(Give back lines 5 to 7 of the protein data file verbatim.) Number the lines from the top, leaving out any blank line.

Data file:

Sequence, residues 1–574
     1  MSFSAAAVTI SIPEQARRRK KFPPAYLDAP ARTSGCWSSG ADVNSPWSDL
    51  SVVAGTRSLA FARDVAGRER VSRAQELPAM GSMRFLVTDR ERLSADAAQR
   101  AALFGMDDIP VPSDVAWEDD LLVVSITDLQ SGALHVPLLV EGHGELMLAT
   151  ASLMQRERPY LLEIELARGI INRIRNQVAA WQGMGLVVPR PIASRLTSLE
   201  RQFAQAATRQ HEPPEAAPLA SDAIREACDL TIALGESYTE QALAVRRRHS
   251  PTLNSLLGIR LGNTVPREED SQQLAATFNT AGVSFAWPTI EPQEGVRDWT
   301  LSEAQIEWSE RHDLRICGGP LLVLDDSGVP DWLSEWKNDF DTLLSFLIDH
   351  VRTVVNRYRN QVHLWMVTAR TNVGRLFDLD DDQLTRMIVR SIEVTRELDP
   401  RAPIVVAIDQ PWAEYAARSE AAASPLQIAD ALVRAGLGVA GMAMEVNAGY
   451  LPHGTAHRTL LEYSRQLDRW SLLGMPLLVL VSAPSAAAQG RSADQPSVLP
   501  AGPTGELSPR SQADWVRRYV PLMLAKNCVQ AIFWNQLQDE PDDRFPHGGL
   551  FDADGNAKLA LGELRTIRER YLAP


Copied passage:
   151  ASLMQRERPY LLEIELARGI INRIRNQVAA WQGMGLVVPR PIASRLTSLE
   201  RQFAQAATRQ HEPPEAAPLA SDAIREACDL TIALGESYTE QALAVRRRHS
   251  PTLNSLLGIR LGNTVPREED SQQLAATFNT AGVSFAWPTI EPQEGVRDWT